In general, I like the fact that CHS is a bilingual journal and that it has an open access policy. Regardless of the Prize, I wanted to try to submit an article for CHS. While I was working on my PhD, I did not always see clearly how the pieces fitted together. Having all the chapters connected, enabled me to write this article. This felt like the right timing. I felt also encouraged by my jury and advisory board to communicate my research.
I feel very grateful to have received this Prize. It is a fantastic encouragement. As a researcher, I am often plagued by doubts: is my research really good enough? The fact that the editorial board awarded me this prize, means a lot to me. The funding enables me to continue my research and to publish more. Everyone thinks of course that their research is important. There are so many interesting intellectual developments! Nevertheless, I genuinely think that the combination of the history of emotions and historical criminology is an interesting road to explore in more depth.
Working remotely cuts us off from our colleagues. Of course we can e-mail or zoom, but it is often these unplanned encounters in the coffee room or at the copy machine, that lead to spontaneous exchanges of book tips, ideas, questions, … Talking to colleagues gives so much inspiration and energy. I need time alone to think and write, but I also need these informal energising talks. One can question whether this is really a “research method” strictly speaking. Yet, sharing knowledge and working together is integral part of any research process and it deserves more acknowledgment, in my view.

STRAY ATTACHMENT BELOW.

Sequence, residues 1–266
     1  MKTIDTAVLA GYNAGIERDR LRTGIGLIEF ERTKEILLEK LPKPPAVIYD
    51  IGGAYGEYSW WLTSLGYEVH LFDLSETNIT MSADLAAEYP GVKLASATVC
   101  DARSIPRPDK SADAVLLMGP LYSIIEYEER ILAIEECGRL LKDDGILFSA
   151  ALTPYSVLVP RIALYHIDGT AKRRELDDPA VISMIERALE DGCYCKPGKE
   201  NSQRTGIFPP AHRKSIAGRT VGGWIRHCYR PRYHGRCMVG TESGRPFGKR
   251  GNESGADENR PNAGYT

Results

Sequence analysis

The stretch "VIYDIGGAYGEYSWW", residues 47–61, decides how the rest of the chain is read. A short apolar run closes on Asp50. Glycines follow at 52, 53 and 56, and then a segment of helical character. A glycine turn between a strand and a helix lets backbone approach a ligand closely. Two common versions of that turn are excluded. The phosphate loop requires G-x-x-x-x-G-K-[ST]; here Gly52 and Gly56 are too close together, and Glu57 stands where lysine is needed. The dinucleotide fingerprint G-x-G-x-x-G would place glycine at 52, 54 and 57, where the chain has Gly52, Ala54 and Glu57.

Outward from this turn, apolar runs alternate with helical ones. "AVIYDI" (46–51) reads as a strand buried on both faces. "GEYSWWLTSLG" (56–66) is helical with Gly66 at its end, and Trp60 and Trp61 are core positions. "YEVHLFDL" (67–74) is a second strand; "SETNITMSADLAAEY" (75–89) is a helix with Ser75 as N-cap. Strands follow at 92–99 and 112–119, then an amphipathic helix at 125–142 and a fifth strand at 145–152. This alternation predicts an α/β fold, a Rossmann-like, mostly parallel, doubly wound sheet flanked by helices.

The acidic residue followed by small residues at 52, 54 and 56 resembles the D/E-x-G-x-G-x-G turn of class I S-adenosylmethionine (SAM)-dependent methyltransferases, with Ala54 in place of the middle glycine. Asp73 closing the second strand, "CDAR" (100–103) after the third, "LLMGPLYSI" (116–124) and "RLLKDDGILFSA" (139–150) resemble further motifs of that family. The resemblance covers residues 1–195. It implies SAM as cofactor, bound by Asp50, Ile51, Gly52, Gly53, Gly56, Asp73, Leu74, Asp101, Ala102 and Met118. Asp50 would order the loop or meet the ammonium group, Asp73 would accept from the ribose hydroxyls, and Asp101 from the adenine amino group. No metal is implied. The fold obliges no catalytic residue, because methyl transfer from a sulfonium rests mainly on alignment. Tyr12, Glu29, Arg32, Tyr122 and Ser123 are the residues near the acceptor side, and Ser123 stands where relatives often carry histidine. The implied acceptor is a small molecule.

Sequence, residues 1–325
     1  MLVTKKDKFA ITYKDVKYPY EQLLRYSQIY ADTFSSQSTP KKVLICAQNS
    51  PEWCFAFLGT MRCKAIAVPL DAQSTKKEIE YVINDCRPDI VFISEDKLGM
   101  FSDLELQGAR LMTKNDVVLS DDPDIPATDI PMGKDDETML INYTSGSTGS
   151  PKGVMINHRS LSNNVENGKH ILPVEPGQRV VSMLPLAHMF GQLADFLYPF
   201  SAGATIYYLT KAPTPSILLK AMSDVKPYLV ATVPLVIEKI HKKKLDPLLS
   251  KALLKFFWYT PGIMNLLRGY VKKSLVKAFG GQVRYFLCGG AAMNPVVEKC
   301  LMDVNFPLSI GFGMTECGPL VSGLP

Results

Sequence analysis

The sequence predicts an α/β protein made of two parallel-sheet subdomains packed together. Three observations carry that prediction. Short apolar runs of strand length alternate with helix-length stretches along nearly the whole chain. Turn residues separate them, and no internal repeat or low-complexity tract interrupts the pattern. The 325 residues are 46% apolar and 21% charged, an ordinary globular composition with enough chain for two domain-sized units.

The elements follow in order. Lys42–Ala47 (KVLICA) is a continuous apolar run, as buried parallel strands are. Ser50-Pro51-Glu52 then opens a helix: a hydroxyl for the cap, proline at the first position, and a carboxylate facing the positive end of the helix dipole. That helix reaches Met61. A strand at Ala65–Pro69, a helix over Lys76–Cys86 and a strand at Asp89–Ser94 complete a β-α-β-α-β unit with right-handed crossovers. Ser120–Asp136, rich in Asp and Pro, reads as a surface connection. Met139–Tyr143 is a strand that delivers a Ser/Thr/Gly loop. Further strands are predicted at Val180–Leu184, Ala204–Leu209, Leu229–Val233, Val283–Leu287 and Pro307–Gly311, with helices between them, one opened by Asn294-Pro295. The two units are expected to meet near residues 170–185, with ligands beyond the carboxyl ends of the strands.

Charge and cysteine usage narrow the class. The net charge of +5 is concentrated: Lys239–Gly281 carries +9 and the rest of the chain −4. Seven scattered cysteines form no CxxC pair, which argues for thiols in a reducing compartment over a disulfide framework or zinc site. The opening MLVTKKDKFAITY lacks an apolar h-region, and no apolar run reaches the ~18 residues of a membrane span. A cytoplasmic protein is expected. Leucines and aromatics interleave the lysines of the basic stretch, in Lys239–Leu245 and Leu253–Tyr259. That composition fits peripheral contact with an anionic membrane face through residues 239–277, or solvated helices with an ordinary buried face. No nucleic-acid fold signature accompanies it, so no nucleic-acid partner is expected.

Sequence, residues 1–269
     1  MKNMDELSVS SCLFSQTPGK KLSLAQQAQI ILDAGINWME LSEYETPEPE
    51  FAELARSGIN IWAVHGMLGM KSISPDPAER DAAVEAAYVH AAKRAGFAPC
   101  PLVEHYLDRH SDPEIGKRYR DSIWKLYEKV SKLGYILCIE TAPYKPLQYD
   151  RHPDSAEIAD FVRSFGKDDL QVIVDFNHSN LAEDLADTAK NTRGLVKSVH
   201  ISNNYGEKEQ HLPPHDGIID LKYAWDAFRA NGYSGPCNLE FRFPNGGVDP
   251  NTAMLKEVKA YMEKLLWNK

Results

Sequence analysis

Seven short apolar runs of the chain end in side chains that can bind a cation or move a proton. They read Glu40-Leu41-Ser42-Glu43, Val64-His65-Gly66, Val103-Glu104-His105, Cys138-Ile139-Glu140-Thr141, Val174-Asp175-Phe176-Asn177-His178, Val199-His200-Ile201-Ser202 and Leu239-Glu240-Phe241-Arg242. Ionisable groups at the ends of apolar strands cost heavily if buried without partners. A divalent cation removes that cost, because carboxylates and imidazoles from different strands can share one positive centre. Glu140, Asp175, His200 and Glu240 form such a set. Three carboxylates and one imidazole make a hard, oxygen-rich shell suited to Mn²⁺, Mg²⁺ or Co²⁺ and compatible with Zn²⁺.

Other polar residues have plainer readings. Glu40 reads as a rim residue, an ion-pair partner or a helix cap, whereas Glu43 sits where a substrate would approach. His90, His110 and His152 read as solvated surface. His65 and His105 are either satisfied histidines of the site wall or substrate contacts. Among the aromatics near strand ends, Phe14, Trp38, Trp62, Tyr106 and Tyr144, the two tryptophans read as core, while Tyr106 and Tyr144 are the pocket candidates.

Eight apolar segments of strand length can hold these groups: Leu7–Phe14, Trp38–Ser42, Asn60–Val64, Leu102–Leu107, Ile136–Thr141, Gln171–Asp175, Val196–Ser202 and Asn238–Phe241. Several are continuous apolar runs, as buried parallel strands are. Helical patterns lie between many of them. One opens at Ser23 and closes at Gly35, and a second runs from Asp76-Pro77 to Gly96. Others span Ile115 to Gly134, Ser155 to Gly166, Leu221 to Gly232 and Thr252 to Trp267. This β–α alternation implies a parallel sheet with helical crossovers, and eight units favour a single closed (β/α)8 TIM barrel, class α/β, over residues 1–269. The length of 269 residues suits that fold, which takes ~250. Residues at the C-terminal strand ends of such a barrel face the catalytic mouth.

I left Europe in February 2020 to start my new job in Seoul. I knew that I would be living on the other side of the world, but back then I was fully convinced that I would be back in summer to consult the archives. Of course, that has not happened. I have not left South Korea since I arrived, and I will probably visit Belgium only in the winter of 2021/2022. The pandemic requires us to rethink practices that we always took for granted, such as long-distance travelling. It is challenging, but sometimes it is good to question habits that we always considered as normal. I imagine that for scholars relying on field work, especially with vulnerable groups, the impact of the pandemic on their research method is much bigger and will last longer than for archival work – not to mention the impact of the pandemic on all other domains of society of course, aside from research.
As of March 2020, I am working at the Department of Dutch at the Hankuk University of Foreign Studies in Seoul. Teaching to Korean students is so rewarding: their questions force me continuously to rethink my own position as a Belgian scholar. What I would like to give them, is my view on history. I really take effort to include the history of everyday life in my course: the history of the bicycle for example. Or the history of the supermarket. This is not always what they expect, but it ís our history too. So far, I have only met my students online. Even the digital encounters are great, but I cannot wait to meet them in real live, to see their faces and to hear their excited sighs when they understand something new.
Hankuk University of Foreign Studies